To emphasize Yave’s comment even more, for example, when astronomers looked into deep space and saw (notice I’m using past tense, lol) SN 1987A, which is a supernova that happened 168,000 years prior to its observation in 1987. We don’t say the supernova (the event) happened/occurred in 1987, even though this is when we first noticed that the event took place. So, even though the supernova was seen, it was no longer actual(lized) when it was observed in 1987. Though, once again, you say a presentist has no room for such a relativity.

However, if we really want to split hairs, and I do, I believe we never sense the ‘true’ present, since it takes our brains just a split second for us to compute all of the sensory data that is required for us to make sense of our external world.

Also, I have a question about the eternalist view (I don‘t know if you hold this position). Doesn’t this view succumb to the problem of arguments against actual infinites? Maybe one can opt out and say the future isn’t eternal, but if one is a theist and/or believes in immortality/afterlife, like you and I do, than doesn’t the problem of actual infinities come back, on the eternalist view?

Drew said...

Jarrett. You beat me to the punch. I was just about to use the supernova argument.

And Dr. Pruss admitted that eternalism runs into the problem of actual infinites and the whole Grim Reaper paradox. Presentism, on the other hand, will never actualize an infinite number of events.

Alexander R Pruss said...

There are only two kinds of problems of actual infinity that bother me:
1. Grim Reaper type situations.
2. Probabilistic epistemic paradoxes.

In regard to 1, the problem is only when there is a time t such that there is an actually infinite number of things prior to t. So it's not a problem with an actual infinite per se, as with a simultaneous or past infinite. An actual infinite strung out futurewise does not allow one to generate a Grim Reaper paradox.

In regard to 2, the probabilistic epistemic paradox that worries me is worst in the case where some time has an infinite number of things past or simultaneous with it. I have some worries about an infinite strung out futurewise, but those worries seem independent of whether the futurewise infinity is actual or not.

So, in summary, a futurewise infinity is not a problem in regard to 1, and in regard to 2, it doesn't matter whether it's an infinity of actual events or not.

bernardz said...

Although others have said this, please let me note Alex under Einstein relativity, the moon one second later is the observers frame of reference. It is not the observers past.

Alexander R Pruss said...

Yeah, but the presentist can't make that distinction, I think.

Also, it may not be one second in the past, but it could still be somewhat in the past, since once the light hits the eye, data from the retina moves to the brain at less than the speed of light. Actually, then, there is no need to bring in the moon--any event that happens over a short enough period of time will be like that.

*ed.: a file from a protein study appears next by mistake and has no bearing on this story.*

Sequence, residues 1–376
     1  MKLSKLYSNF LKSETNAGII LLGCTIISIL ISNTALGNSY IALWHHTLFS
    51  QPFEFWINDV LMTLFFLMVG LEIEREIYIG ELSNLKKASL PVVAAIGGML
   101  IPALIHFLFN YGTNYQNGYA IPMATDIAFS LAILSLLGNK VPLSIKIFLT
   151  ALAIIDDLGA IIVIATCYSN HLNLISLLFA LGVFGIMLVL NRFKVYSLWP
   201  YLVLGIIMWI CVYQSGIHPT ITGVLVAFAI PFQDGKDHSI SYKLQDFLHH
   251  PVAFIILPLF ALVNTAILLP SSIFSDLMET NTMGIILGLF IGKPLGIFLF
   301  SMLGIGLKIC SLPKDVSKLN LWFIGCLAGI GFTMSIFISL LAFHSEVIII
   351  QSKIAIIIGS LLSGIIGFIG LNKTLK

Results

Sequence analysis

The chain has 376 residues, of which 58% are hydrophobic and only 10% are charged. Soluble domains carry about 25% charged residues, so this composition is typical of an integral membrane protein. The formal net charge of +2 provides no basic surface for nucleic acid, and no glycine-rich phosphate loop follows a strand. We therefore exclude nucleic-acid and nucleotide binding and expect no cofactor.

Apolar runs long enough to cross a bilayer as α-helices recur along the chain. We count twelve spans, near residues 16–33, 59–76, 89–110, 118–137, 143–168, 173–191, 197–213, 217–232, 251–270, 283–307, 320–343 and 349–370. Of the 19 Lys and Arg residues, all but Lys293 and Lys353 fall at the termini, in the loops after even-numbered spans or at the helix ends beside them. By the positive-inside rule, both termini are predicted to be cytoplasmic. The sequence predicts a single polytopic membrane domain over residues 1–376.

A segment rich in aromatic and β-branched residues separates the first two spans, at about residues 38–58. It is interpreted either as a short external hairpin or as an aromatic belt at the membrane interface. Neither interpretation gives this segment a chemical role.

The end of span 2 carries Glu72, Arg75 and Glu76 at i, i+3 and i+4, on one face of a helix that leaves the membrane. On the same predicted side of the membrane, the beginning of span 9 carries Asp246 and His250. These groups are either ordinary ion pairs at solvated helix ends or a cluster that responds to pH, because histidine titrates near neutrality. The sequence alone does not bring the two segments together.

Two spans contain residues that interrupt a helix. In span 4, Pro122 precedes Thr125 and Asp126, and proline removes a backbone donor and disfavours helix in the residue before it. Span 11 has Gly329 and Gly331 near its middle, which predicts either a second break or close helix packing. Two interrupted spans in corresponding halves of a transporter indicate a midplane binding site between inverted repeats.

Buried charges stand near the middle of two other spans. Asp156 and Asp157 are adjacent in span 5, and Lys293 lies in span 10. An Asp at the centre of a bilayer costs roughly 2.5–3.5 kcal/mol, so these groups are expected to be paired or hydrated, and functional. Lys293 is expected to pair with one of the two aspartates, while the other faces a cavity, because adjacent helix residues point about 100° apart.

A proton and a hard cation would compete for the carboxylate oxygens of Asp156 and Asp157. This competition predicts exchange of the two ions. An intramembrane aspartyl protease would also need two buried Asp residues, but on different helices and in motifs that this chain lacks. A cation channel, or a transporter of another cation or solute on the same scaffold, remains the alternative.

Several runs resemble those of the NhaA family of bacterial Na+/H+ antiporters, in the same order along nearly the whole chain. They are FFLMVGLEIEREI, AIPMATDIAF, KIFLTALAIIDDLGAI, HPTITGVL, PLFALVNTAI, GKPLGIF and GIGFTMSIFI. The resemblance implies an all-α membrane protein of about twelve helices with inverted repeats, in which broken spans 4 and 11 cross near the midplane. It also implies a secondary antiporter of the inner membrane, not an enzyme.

Jonathan D. Jacobs said...

The conclusion says that a wholly past event "can be actually existing." But "actually" sounds to my ears like a modal operator, not a tense operator. And "be existing" begs for temporal clarification. The options seem to be:

3a. An actual, wholly past event can exist now.
3b. An actual, wholly past even can have existed.

But 3b is not problematic to the presentist, so the argument needs 3a. But in order to get 3a, premise 1 needs to be changed to:

1a. Only an actual event that exists now can be seen.

But everyone should deny 1a.

Alexander R Pruss said...

Well, replace "actually existing" with "real" or "in the scope of quantifiers". :-) I.e., whatever it is that presentist thinks past events aren't. (Unless the presentist simply thinks past events aren't present, which every A-theorist agrees on absolutely, and every B-theorist agrees on though perhaps on a different understanding.)

Joshua Rasmussen said...

I'd like to call into question premise 4.

We may distinguish between

(1) e presently exists

and

(2) e is present

Similarly, we may distinguish between

(3) e exists -- wholly in the past

and

(4) e is wholly past

I'm inclined to think that there are events that "are wholly past"--i.e., they have the property of having had obtained and not presently obtaining.

But I don't think that there are any events that exist-over-there-in-the-past.

Presentism: it's always true that everything that exists, exists now. I think it's consistent with presentism that some presently existing things have the property of having obtained. Such things are "wholly past" events.

Joshua Rasmussen said...

So, the event of the moon changing color exists--indeed always exists. But if we see that event it's likely because it (presently) has the property of having recently OBTAINED.

Alexander R Pruss said...

That's not a standard presentism. On standard presentism, events exist only when they occur. On the happy side, this view solves a good deal of the grounding problem with standard presentism.

But perhaps by "events" you mean abstract entities that exist necessarily?

Joshua Rasmussen said...

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Sure--maybe "Chisholm events". :)

I think it's a standard version of ersatz presentism. It shouldn't surprise you that the best version of presentism resembles eternalism in salient respects. :)

Alexander R Pruss said...

But it's not abstract entities that we see.

enigMan said...

presentism often presents itself as common sense. But I think 1 is pretty commonsensical

Presentism is common sense. (If something is said to exist we would not usually think that it might not yet exist or that it no longer exists.) But common sense doesn't tell us that we can only see current events. We can see past events on the TV. And we can see objects.

Moving on from common sense, we may say that we are only seeing photons when we look at the TV. But that's probably false. We don't see the photons, we see by the photons (if photons exist).